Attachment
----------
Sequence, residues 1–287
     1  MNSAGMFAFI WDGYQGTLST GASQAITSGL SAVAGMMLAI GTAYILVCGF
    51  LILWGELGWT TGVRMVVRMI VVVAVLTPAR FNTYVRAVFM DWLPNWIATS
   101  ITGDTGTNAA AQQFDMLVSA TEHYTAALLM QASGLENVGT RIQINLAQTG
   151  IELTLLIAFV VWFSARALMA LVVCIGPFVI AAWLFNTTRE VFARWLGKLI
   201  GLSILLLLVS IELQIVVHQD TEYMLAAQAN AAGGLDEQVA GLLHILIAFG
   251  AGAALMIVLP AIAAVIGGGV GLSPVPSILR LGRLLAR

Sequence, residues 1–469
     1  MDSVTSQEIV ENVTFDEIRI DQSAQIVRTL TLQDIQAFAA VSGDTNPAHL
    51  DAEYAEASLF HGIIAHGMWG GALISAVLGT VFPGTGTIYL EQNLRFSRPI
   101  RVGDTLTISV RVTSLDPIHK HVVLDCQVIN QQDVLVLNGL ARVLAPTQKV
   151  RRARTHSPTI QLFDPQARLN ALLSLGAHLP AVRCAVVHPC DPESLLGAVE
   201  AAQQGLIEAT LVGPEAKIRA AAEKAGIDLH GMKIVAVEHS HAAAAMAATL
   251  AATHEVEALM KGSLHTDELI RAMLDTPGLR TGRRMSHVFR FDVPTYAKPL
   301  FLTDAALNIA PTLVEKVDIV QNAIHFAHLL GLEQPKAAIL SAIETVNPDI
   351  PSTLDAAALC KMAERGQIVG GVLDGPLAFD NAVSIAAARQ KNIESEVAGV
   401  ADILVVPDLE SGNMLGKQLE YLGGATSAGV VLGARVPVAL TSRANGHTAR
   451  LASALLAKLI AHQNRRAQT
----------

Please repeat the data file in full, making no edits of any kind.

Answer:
Sequence, residues 1–287
     1  MNSAGMFAFI WDGYQGTLST GASQAITSGL SAVAGMMLAI GTAYILVCGF
    51  LILWGELGWT TGVRMVVRMI VVVAVLTPAR FNTYVRAVFM DWLPNWIATS
   101  ITGDTGTNAA AQQFDMLVSA TEHYTAALLM QASGLENVGT RIQINLAQTG
   151  IELTLLIAFV VWFSARALMA LVVCIGPFVI AAWLFNTTRE VFARWLGKLI
   201  GLSILLLLVS IELQIVVHQD TEYMLAAQAN AAGGLDEQVA GLLHILIAFG
   251  AGAALMIVLP AIAAVIGGGV GLSPVPSILR LGRLLAR

Sequence, residues 1–469
     1  MDSVTSQEIV ENVTFDEIRI DQSAQIVRTL TLQDIQAFAA VSGDTNPAHL
    51  DAEYAEASLF HGIIAHGMWG GALISAVLGT VFPGTGTIYL EQNLRFSRPI
   101  RVGDTLTISV RVTSLDPIHK HVVLDCQVIN QQDVLVLNGL ARVLAPTQKV
   151  RRARTHSPTI QLFDPQARLN ALLSLGAHLP AVRCAVVHPC DPESLLGAVE
   201  AAQQGLIEAT LVGPEAKIRA AAEKAGIDLH GMKIVAVEHS HAAAAMAATL
   251  AATHEVEALM KGSLHTDELI RAMLDTPGLR TGRRMSHVFR FDVPTYAKPL
   301  FLTDAALNIA PTLVEKVDIV QNAIHFAHLL GLEQPKAAIL SAIETVNPDI
   351  PSTLDAAALC KMAERGQIVG GVLDGPLAFD NAVSIAAARQ KNIESEVAGV
   401  ADILVVPDLE SGNMLGKQLE YLGGATSAGV VLGARVPVAL TSRANGHTAR
   451  LASALLAKLI AHQNRRAQT